After the Dance – It’s Over

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Well another production is over – I’ve had the (very) small part of Lawrence in The Miller Centre Theatre Company’s production of the Rattigan masterpiece After the Dance.

I’m a HUGE Rattigan fan, so it was great to finally be in one of his plays. After the Dance is one of my favourite plays of all time as well. The more I watched it and observed the audience’s reactions to it, the more I learned about what a master of playwriting Rattigan was.

Small lines and pieces of stagecraft that on page looked quite inconsequential had major influences on the audience and piece. He really knew how to craft drama like few others.  For me it is an emotional play and there is specific moment that “gets me every time” – when Joan bursts into tears as she realises her marriage is over. It always brings a tear to my eye and lump to my throat.

Rattigan - no other writer's works speak to me like his do.

Rattigan – no other writer’s works speak to me like his do.

It’s always sad to come to the end of a production (I dubbed it “Post Production Depression”  previously) new friends have been made, much hilarity ensured over the course of the run and there was an air of sadness as we parted ways. I’m sure our paths will cross again. I’ve not got long to wallow in melancholy, as I’ve a read through and meeting regarding a production I’ll be producing in 2014 tomorrow, alas it’s not a Rattigan play however my time to direct/produce one of his plays will come!



Photos from The Real Inspector Hound


Here are a few photos from The Real Inspector Hound, which was on at The Bridewell Theatre in London the other week and in which I played the part of Moon.

The Cast of The Real Inspector Hound

The Cast of The Real Inspector Hound

Me relaxing backstage, just before curtain up.

Me relaxing backstage, just before curtain up.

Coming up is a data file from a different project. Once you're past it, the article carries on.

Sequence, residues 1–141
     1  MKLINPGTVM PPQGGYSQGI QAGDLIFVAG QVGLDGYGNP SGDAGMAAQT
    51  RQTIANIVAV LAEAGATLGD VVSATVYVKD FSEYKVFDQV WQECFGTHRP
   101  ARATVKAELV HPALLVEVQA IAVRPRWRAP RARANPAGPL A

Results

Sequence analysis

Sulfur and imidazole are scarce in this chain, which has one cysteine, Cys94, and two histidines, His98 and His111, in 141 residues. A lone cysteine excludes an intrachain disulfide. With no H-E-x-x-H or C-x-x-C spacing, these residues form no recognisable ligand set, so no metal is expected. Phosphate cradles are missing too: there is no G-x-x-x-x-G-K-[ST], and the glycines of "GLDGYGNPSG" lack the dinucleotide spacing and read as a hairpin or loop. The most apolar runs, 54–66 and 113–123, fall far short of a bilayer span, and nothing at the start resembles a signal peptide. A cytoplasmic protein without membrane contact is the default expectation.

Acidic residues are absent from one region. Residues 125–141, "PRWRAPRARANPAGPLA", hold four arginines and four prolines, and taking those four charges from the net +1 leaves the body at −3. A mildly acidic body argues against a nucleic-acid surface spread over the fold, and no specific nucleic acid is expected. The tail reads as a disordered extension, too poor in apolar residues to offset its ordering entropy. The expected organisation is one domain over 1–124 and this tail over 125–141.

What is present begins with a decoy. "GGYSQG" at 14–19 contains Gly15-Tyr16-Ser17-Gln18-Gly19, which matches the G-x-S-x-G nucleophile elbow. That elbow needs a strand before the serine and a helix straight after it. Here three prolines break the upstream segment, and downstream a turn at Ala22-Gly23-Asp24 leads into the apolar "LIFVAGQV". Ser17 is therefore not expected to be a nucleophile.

I had to wear these shoes - I quite liked being 5 inches taller!

I had to wear these shoes – I quite liked being 5 inches taller!

"2 critics combining to achieve continuity" - me as Moon and James as Birdboot

“2 critics combining to achieve continuity” – me as Moon and James as Birdboot

"It's a whodunit man, look at it!"

“It’s a whodunit man, look at it!”

Why helloooo

Why helloooo

Anyone for tennis?

Anyone for tennis?

Inspector Hound (but is it the real one??)

Inspector Hound (but is it the real one??)

Those swamp boots are hard to remove

Those swamp boots are hard to remove

Bridge 4's?

Bridge 4’s?

Star of the show - Mrs Drudge

Star of the show – Mrs Drudge

"Ahh the final piece of the mystery"

“Ahh the final piece of the mystery”

"Are you the real inspector hound?"

“Are you the real Inspector Hound?”

Thanks to Michael Fair for the photos, and to all those that came and supported the show.

End of the Road


All good things must come to an end, and that’s what has happened to the run of The Long Road. I mentioned in my previous post how I’d enjoyed it and found it has helped me grow as an actor.

Theatre is an existential art form and now all that remains are fond memories. My thanks to my co-actors, Jen, Chris, Saskia and Helen who were such fun to work with. Thanks also to the director Iain, who pushed us to be the best we could be. I’ll miss you all.

Going to miss these folks!

I’ve spoken previously about Post-Production Depression  and how I always feel low for a few days following a production, as I miss the people and play. That’ll be especially acute following this play I know.

It won’t be long before I tread the boards again though (February 2013), so I’m looking forward to having a chance to see some theatre over the next couple of  months and the reviews will be here soon!

Being part of a production that moves people

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The Long Road run is going well. It’s been a real joy from the first day of rehearsals. We’ve now only got 4 more nights left and I will really miss it when it’s over.

Being part of a play that actually touches people (we’ve had people in tears some nights) has been a new experience for me and has renewed my conviction that theatre can touch people and act as a catalyst for change. The themes of restorative justice, forgiveness, grief and family have resonated with audiences in ways that I think they too were surprised at. All thanks to Shelagh Stephenson’s script.

The chance to do an opening soliloquy was one of the main attractions for the part of Joe for me.